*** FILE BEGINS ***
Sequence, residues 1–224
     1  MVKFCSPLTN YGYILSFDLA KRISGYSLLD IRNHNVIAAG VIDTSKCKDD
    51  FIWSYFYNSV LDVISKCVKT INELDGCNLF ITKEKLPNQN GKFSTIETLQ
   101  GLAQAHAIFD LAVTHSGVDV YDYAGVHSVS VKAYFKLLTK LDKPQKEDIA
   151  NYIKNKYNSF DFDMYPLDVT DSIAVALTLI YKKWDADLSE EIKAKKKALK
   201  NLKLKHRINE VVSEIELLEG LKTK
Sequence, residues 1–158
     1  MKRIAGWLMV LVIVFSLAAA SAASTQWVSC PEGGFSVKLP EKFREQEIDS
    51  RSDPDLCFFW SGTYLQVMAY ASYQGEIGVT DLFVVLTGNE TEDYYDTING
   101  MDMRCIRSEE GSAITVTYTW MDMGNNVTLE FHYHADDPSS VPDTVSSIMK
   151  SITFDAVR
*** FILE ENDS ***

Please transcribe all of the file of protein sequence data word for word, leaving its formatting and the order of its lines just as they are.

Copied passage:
Sequence, residues 1–224
     1  MVKFCSPLTN YGYILSFDLA KRISGYSLLD IRNHNVIAAG VIDTSKCKDD
    51  FIWSYFYNSV LDVISKCVKT INELDGCNLF ITKEKLPNQN GKFSTIETLQ
   101  GLAQAHAIFD LAVTHSGVDV YDYAGVHSVS VKAYFKLLTK LDKPQKEDIA
   151  NYIKNKYNSF DFDMYPLDVT DSIAVALTLI YKKWDADLSE EIKAKKKALK
   201  NLKLKHRINE VVSEIELLEG LKTK
Sequence, residues 1–158
     1  MKRIAGWLMV LVIVFSLAAA SAASTQWVSC PEGGFSVKLP EKFREQEIDS
    51  RSDPDLCFFW SGTYLQVMAY ASYQGEIGVT DLFVVLTGNE TEDYYDTING
   101  MDMRCIRSEE GSAITVTYTW MDMGNNVTLE FHYHADDPSS VPDTVSSIMK
   151  SITFDAVR